NATIVE TO THE Olympic Mountain range — how else would there be a Grey Wolf River or the Sequim Wolves sports teams — wolves are showing an ability to range further than many previously thought.
The state Department of Fish and Wildlife has produced new maps that show the state’s grey wolf population has moved further west than officials previously thought — although it appears no wolves have reached the I-5 corridor or made any other moves in the direction of the North Olympic Peninsula.
Data is taken from GPS collars Fish and Wildlife has strapped to various breeding males and females and other pack members around the state since 2008.
More wolves haven’t been collared than have, so it wouldn’t be correct to completely rule out the possibility of wolves venturing deeper into Western Washington.
The maps represent “the most complete dataset currently available of wolf telemetry in Washington State,” according to Fish and Wildlife, although GPS data is unavailable for the Colville and Spokane Indian reservations in the heart of wolf territory in Northeast Washington.
Donny Martorello, Fish and Wildlife’s wolf policy adviser, presented the new information at a meeting of the state Fish and Wildlife Commission earlier this month and that presentation can be accessed at tinyurl.com/PDN-WolfInfo.
They show Loup Loup pack wolves, named for the Eastern Washington mountain pass on state Highway 20, moving further north through state and federal land to the Okanogan and Chewuch valleys.
The map also shows the Marblemount wolf, a wolf captured and collared in Western Washington last spring near North Cascades National Park, seemingly enjoys the scenery and hasn’t made much, if any, of a journey since.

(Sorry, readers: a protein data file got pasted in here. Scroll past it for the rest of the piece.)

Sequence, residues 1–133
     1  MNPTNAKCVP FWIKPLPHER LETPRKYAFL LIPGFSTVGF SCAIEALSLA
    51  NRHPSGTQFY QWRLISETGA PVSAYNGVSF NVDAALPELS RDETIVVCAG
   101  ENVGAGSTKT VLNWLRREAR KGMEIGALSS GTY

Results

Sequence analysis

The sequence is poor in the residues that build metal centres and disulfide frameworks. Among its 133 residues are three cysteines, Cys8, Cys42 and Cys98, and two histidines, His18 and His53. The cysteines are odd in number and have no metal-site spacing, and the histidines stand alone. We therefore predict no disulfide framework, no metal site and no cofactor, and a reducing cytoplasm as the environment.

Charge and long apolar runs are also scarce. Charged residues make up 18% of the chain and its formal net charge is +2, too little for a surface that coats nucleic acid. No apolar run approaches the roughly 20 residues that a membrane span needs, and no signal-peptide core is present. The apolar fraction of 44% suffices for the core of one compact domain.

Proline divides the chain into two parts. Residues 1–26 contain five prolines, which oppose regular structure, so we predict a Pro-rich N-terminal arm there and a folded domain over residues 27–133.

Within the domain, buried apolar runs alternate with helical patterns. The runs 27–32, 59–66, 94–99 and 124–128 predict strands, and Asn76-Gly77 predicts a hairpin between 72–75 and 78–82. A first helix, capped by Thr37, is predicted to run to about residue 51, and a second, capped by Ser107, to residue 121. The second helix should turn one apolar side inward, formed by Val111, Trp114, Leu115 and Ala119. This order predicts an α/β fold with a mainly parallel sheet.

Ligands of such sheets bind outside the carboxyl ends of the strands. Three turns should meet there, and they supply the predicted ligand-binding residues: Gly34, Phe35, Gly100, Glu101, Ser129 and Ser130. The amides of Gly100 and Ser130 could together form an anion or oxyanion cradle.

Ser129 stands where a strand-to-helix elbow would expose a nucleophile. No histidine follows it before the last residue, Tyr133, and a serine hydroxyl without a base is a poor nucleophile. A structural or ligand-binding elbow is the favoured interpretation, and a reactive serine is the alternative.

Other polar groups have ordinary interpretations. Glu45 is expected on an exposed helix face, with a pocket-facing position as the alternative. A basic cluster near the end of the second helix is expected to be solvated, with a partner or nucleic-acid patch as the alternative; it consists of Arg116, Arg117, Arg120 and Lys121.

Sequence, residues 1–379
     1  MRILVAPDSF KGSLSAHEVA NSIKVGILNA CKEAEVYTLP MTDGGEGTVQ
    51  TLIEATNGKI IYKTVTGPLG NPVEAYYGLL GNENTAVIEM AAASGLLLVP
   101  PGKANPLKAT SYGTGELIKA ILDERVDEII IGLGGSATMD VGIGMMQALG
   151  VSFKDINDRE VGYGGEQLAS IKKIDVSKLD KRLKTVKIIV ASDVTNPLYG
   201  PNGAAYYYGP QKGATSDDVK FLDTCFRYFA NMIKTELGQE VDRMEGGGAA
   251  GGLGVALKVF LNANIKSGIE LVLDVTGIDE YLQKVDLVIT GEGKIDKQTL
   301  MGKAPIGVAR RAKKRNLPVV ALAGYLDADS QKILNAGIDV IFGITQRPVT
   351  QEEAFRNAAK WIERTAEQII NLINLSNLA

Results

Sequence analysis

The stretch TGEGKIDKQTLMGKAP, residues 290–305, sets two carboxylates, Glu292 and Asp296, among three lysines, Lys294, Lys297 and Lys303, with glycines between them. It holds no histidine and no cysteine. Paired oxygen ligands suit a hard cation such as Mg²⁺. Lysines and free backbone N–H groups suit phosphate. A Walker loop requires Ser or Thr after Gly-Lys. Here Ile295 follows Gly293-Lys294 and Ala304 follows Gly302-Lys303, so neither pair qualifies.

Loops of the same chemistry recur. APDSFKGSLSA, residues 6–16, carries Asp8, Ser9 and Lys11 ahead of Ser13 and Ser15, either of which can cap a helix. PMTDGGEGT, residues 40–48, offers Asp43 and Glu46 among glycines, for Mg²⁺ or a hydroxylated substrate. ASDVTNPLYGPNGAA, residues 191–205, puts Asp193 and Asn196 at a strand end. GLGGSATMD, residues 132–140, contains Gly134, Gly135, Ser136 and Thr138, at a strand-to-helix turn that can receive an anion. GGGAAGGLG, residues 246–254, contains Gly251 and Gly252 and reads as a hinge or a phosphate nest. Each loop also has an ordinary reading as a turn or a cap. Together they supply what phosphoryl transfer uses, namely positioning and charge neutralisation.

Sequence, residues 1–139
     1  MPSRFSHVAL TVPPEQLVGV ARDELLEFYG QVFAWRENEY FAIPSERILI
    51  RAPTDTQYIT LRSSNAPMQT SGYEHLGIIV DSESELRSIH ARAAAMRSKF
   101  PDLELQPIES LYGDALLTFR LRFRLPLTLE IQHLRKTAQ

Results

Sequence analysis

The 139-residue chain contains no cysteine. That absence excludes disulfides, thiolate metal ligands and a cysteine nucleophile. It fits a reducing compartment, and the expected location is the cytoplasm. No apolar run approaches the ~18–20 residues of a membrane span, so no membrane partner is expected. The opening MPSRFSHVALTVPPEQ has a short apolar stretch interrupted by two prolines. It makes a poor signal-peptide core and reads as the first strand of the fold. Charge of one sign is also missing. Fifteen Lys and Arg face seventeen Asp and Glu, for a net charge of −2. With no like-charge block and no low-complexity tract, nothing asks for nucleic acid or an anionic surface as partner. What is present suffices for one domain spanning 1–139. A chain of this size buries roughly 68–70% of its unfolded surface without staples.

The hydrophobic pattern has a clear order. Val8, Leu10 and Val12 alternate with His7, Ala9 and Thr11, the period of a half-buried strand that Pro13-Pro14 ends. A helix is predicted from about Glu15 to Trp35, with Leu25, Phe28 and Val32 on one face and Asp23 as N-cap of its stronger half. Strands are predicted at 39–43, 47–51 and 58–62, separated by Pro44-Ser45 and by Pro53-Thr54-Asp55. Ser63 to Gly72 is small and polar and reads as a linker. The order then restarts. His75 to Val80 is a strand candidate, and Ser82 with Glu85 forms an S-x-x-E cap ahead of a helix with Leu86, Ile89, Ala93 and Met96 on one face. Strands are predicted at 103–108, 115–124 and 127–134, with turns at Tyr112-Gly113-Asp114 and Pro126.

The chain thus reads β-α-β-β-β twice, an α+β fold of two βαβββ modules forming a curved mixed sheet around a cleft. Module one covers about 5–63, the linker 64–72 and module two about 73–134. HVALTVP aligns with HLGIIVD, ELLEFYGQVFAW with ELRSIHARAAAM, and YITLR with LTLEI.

One animal really made a trek, leaving Washington north of Spokane, following I-90 as it moves east into western Montana, then heading southwest over Lolo Pass to the Clearwater River. The wolf continued its travels into southern Idaho, making its way near Boise, before crossing all the way to Yellowstone National Park and heading to the middle of Wyoming.
I hope the animal found whatever it was looking for.
Citizen-submitted wolf sightings, some with commentary on just what was seen, are available at tinyurl.com/PDN-WolfSightings.
North Olympic Peninsula sightings are few and far between — but there have been some.
In October, a report was made of a wolf on the Shi-Shi Beach Trail.
“One lone adolescent grey wolf observed directly on the Shi Shi Beach Trail from approximately 5 to 10 yards. Gray with white outer fur layer. It spooked into the brush, but remained clearly visible up close for several minutes.”
Many of these “sightings” are large paw prints found in sand on area beaches, like one in 2016 at Adelma Beach near Port Townsend, and another series of prints along the Dungeness River near the Olympic Game Farm.
The only area with multiple sightings, two in total, comes along state Highway 104 between Hood Canal Bridge and the Center Road exit. One of the reports in 2012 was based off of a paw print. Another from last August, describes a witnessed animal as “Large. Dark brown-black. White markings.”
Off the Peninsula, many sightings come from the Seattle-Everett-Tacoma metroplex, some found walking through parking lots at apartment complexes, one in the brush behind the Lake Stevens Target store and one that was “cornered in my driveway on my way to work this morning.”
I tend to think these are all signs of coyotes or cougars but after seeing the winding path that lone wolf took through Washington, Idaho, Montana and back through Idaho to Wyoming, I can’t be sure.
Be careful out there, the wolves may be closing in.